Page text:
COLOMBO: Given the billowing controversy over the Sino-Sri Lankan Framework Agreement (FA) on Hambantota port in south Sri Lanka, Sri Lankan President Maithripala Sirisena is all set to seek some significant amendments in it. He proposes to do so by appointing his own representative in the negotiating team.
The Sunday Times reported that Sirisena met the Chinese Ambassador to sound him about this plan to appoint his own representative, Dr.Sarath Rajapatirana of the Institute of Policy Studies, to the negotiating team.
In view of this development, political circles wonder if an amended agreement will be ready for signing on January 7, a day ahead of the second anniversary of the Sirisena-Wickremesinghe coalition government.
According to opposition leader and former President, Mahinda Rajapaksa, Sirisena might not attend the signing ceremony if his amendments are not accepted, that is.
Informed sources told Express on Sunday that President Sirisena is likely to ask the Chinese to bring down their equity in the Hambantota Sino-Lankan Joint Venture company from the present 80 percent to a more politically acceptable level.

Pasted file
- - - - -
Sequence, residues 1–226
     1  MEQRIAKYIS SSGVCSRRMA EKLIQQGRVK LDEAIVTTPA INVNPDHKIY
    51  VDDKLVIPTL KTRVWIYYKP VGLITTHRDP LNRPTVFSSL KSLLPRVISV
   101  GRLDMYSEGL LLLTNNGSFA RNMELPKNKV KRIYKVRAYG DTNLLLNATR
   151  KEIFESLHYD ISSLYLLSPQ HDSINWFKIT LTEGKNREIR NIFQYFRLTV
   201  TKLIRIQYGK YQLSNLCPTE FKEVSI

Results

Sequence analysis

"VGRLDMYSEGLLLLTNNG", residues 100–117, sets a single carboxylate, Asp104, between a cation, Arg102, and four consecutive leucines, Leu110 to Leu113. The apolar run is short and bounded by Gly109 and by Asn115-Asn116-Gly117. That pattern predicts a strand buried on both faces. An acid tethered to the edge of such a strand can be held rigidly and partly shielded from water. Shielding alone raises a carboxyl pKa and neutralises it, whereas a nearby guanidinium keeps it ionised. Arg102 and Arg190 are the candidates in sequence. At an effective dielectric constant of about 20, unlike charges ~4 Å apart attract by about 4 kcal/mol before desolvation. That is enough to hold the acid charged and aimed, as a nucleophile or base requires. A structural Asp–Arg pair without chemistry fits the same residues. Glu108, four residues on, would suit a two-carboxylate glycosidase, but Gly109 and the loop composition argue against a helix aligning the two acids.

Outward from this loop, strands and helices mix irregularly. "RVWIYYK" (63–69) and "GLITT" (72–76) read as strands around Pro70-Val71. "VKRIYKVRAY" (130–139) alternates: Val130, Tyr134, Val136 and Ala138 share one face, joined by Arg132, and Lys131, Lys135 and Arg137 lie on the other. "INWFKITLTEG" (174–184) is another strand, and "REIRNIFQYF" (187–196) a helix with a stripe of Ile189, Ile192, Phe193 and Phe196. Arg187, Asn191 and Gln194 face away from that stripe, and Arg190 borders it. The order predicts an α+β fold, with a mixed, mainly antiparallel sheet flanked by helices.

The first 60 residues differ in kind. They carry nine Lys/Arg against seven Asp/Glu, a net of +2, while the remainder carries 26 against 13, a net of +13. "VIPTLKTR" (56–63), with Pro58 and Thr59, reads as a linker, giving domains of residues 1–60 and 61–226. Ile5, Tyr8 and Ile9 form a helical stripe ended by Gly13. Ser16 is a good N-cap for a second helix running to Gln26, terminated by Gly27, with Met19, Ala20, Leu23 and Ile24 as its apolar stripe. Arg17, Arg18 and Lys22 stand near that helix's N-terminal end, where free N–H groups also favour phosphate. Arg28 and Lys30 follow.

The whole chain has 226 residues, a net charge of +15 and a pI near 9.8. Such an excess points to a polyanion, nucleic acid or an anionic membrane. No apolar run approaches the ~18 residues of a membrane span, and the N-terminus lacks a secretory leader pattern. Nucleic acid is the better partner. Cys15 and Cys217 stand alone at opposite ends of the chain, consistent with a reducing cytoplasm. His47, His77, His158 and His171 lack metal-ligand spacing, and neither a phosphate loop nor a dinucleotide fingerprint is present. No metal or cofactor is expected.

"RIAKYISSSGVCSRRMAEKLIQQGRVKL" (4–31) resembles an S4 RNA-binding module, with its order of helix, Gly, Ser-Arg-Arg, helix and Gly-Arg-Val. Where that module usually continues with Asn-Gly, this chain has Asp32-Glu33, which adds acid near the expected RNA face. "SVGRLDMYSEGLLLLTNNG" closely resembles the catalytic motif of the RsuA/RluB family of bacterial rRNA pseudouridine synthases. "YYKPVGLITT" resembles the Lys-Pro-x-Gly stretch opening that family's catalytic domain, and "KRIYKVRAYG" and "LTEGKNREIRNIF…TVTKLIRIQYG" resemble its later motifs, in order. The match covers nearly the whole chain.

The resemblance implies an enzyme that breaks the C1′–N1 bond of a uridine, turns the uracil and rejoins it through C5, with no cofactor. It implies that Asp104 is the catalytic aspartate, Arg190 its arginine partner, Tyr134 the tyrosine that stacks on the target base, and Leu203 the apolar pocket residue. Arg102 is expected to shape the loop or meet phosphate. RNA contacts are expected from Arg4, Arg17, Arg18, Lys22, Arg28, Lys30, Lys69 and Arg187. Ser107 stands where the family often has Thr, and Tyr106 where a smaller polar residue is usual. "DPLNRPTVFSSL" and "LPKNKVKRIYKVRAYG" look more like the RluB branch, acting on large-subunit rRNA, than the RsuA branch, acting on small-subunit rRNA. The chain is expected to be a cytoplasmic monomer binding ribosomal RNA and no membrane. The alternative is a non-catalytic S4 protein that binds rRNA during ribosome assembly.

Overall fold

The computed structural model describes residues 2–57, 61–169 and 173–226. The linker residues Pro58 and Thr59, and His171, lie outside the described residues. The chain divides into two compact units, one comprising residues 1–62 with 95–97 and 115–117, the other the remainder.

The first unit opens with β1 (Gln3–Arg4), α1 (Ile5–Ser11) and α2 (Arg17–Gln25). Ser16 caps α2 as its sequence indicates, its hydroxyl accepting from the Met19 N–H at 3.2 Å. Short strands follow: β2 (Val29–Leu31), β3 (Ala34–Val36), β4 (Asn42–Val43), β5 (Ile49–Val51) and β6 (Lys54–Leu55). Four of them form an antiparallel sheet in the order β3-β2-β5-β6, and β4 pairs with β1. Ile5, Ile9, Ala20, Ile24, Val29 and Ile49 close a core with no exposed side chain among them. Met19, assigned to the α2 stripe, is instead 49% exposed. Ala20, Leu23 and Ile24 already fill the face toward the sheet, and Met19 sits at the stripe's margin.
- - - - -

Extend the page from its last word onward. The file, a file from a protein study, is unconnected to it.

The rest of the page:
He may ask them to accept a lease period which is significantly less than the present 99 years and agree to an area of land which is less than the present offer of 15,000 acres.
Farmers in the drought-prone Hambantota region have already started protesting against the offer of 15,000 acres to the Chinese. Opposition leader Rajapaksa alleges that the land offered is cultivated land.
These issues have been agitating the Sri Lankan opposition and the media which consider the existing deal (though only a preliminary agreement like an MOU) as a “sell out” to China.
The opposition and the media charge that the government has allowed the Chinese creditors (who had loaned US$ 1.4 billion to build the Hambantota harbour) to get their pound of flesh leaving Sri Lanka worse off than before.
For the opposition and the media, the government’s decision to allow China to swap debt to the tune of US$ 1 billion for equity is tantamount to handing over the port to the Chinese. And that for 99 years! Rajapaksa points out that when he was President (2005 to 2014), the maximum lease period was 35 years.
The Sri Lankan cabinet is itself divided on the Hambantota deal. The Minister of Ports, Arjuna Ranatunga, has been fighting against the taking away of ports and other harbour facilities from the hands of the government-run Sri Lanka Ports Authority (SLPA).There had been privatisation before, but the SLPA had never lost control.
But Ranatunga was overruled in the case of Hambantota and the FA with the Chinese state-owned company was signed not by him, but two other ministers who had nothing to do with ports.